It became even more apparent as each season came to a close when the dots from earlier episodes started connecting. “iZombie,” as a whole, is one of the more cohesive long-running shows on right now. It’s obvious that the writers made an effort to stray from the overplayed zombie tropes and created something that has an compelling story instead of squeezing all the life from it without any regard to the story itself.

“iZombie’s” other characters such as Ravi (Rahul Kohli), Clive (Malcolm Goodwin) and Peyton (Aly Michalka) all compliment McIver’s Liv seamlessly, but exist as fully rounded characters on their own. Although it’s impossible to know how we, as individuals, would react to our friend telling us they’re a zombie, the characters have seemingly raw reactions and feelings that most supporting characters don’t get the luxury of having sometimes.

As more characters become aware of “zombieism” in the city and start to understand it, they evolve in relation to Liv and on their own. The character development is astounding. Even the characters who do despicable things throughout the series are so well written that it’s hard to hate them.

The “blink and you miss them” details of the show are small but make a big difference. The subtle puns in character names and pop-art scene transitions gives “iZombie” little spurts of comedic relief without explicitly telling a joke. With a series so focused on solving crimes and other serious topics, it can be refreshing to chuckle a bit at a tiny detail like a pun that would have otherwise gone unnoticed.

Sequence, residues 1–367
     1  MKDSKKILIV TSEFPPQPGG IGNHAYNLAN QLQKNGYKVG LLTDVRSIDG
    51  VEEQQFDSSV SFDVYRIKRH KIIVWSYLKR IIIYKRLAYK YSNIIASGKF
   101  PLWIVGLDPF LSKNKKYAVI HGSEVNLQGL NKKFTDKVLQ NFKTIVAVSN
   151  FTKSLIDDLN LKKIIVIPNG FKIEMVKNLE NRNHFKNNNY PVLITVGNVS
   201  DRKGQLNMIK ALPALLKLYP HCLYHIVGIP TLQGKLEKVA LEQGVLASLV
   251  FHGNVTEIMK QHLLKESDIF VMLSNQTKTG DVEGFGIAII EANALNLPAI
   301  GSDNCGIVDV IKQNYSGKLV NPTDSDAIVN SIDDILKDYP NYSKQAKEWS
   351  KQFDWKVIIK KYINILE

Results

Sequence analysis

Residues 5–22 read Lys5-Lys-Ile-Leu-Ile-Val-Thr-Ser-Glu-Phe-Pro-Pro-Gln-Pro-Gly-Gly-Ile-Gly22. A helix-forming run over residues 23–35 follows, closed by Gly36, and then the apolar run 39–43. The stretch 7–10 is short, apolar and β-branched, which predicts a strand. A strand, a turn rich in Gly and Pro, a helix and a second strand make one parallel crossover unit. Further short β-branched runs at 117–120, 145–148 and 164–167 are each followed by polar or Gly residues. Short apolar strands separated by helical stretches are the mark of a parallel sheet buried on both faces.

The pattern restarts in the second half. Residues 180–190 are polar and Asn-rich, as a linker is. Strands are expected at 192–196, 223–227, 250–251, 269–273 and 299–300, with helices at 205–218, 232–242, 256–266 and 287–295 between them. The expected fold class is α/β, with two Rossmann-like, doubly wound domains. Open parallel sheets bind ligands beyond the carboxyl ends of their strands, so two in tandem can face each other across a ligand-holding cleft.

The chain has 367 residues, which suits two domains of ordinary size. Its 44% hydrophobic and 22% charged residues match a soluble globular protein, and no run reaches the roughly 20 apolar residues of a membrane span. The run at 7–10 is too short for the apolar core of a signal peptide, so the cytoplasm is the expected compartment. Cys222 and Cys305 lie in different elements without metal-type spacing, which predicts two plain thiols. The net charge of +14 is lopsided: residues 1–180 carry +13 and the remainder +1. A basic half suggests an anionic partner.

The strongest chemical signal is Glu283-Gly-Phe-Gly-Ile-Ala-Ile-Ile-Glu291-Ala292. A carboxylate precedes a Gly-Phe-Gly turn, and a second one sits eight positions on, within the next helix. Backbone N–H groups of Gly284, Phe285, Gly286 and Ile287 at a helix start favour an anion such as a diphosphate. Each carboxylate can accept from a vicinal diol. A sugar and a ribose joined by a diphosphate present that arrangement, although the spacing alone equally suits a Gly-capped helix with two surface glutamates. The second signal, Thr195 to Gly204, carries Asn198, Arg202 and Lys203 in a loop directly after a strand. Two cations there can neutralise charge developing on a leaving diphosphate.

On top of the quirky smaller details, the show as a whole is just so funny. The characters are all quick and witty, especially the main group of them. Liv and Clive’s dynamic while solving cases is hilarious as she tries to pass off her zombieism as being a psychic to skeptical humans. Watching murder mysteries can get depressing after a while, but there are humorous moments unexpectedly sprinkled in that make it enjoyable.

Especially in earlier seasons when the plot points are still relatively tame, they never seem overly heavy for too long. There’s an appropriate amount of comedic relief that keeps things relatively lighthearted (you know — considering all the crime).

“iZombie” isn’t all police drama and comedy. Many plots throughout the series have been social commentary on current societal issues, the most recent season tackling the issue of fake news and divisive politics. The commentary is important but not so overpowering that it feels like you’re being bummed out by real-life news.

The nuance of the social commentary is another one of the “blink and you miss them” details. While some issues are more obvious, some subtly raise relevant moral questions about humanity and politics specifically relating to health and ideals. Although zombieism is a more intense example than real human afflictions, a lot of the same ethics apply and come under question.

“iZombie’s” ability to blend aspects of different genres with some important relevant issues makes it one of the best of its kind. I’m excited to see where the writers go in the next few episodes before the finale, and I have no doubt they’ll give the series the iconic ending it deserves.